The pophole is worked by a pulley on the outside of the coop – a washer prevents the cord from coming off the pulley. An automatic door opener can also be fitted if 5am midsummer wake ups are not your thing. The coop is also very low off the ground so is so much easier for ex-batts with weak legs to get in and out of. The designers did look at a little ramp to make up the small hop from coop to ground but found it became slippery in the wet and obviously not good for girls already unsteady on their feet. Once your girls have got stronger hopping from coop to run and vice versa will not be a problem but in the interim few weeks a little wooden block or brick is recommended.
My final coop criteria is cleanbility; plastic coops are traditionally easier to clean than their wooden counterparts and this one is no exception. Weekly clean outs take minutes, being plastic it is quick to hose down and equally quick to dry. Anyone who has spent all day waiting for a wooden coop to dry out whilst an impatient hen paces around eager to lay her egg, will know how important this is! Plastic coops are also not harbourers of red mite, unlike wooden ones. Red mites hide in the cracks of the wood at night – so no cracks equals no red mite. Ever cautious though I do still spray the coop with poultryshield and dust diatom powder everywhere. Just to be on the safe side!
The coop I trialled did not come with a run as the run is still in its development stage. What I do know though is that the run design is a stroke of genius. With the needs of the ex-batt always at the fore – the run will be modular, allowing for a section to be partitioned off. In the first few days ex-batts will probably squabble to establish the pecking order and sometimes a bully needs to be isolated if the squabbles become unpleasant. This design will make it easy to do that until things settle down which they undoubtedly will. Being modular you will also be able to add to it as your flock grows, a unique concept as far as I am aware. Watch this space!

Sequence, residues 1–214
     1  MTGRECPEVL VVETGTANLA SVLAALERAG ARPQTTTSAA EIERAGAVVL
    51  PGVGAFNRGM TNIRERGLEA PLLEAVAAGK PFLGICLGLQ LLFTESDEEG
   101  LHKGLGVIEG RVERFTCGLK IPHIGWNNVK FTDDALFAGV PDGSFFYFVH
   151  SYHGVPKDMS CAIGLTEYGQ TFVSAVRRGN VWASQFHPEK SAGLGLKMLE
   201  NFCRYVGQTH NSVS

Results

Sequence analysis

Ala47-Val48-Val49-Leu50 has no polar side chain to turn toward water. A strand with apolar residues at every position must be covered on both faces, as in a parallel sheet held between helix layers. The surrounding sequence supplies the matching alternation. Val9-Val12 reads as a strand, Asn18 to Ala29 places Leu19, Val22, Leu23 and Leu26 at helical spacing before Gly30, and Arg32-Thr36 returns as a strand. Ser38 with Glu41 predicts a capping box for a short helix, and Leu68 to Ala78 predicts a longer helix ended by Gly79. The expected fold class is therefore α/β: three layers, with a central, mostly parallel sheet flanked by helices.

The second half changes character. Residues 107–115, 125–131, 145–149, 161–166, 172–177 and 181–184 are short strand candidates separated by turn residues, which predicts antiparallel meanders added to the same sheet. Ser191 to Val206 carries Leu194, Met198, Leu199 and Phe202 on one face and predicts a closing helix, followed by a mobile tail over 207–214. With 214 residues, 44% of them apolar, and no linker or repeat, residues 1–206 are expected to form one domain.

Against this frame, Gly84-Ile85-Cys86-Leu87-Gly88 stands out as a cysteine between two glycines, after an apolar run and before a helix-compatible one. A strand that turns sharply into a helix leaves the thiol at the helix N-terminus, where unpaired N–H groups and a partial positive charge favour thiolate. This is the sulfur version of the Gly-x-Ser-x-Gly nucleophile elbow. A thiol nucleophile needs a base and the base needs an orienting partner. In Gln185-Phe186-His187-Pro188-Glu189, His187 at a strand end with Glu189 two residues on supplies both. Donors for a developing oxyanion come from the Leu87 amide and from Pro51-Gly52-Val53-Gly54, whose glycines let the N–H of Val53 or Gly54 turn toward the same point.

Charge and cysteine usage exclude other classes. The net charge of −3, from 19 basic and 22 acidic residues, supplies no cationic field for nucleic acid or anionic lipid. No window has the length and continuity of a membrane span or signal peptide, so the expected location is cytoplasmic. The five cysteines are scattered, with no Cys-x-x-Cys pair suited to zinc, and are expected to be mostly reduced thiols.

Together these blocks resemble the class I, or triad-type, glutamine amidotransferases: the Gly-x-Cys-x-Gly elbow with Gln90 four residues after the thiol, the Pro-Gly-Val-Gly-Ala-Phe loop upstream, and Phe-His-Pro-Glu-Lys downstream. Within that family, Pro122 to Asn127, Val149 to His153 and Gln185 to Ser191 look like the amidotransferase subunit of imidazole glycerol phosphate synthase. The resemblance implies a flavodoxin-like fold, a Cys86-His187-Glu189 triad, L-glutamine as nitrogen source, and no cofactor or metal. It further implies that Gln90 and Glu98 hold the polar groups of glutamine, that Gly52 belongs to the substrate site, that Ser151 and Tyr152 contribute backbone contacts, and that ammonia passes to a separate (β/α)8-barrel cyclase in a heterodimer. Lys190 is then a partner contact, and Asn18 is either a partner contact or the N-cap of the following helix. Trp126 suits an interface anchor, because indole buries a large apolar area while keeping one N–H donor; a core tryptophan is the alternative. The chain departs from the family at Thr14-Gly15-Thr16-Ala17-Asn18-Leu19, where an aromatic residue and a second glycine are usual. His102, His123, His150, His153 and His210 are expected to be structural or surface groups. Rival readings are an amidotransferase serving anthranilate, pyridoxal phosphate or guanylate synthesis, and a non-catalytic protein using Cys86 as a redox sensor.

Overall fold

The coop is white – which initially I was unsure of, but its colour has certainly grown on me, not least for the added security benefits – when I look out of the window at night to check for the umpteenth time on the hens, I can see the coop clearly. Also, and this is a wonderful idea, the designers will be selling stickers so you can customise your coop – with its name (ours is called Much Bwarking), or the names of your girls or flowers or anything really. This is a wonderful way for the young and young at heart to make their coop special and individual for their new pets. A Pimp my Coop, if you will!
On a serious note, being white keeps the costs down and for £297 including delivery I think this coop is amazing value. Cheaper and more affordable than other plastic coops on the market and designed specifically for the individual needs of ex-battery hens, a great amount of care and attention has gone into its design to make sure the hens are as safe and as comfortable as possible. But it is the attention to detail that makes this coop stand out from its competitors – the moveable nest box, the low entrance, the sturdy perch. If you are new to keeping ex-batts or indeed adding them to your flock then I cannot recommend this coop strongly enough.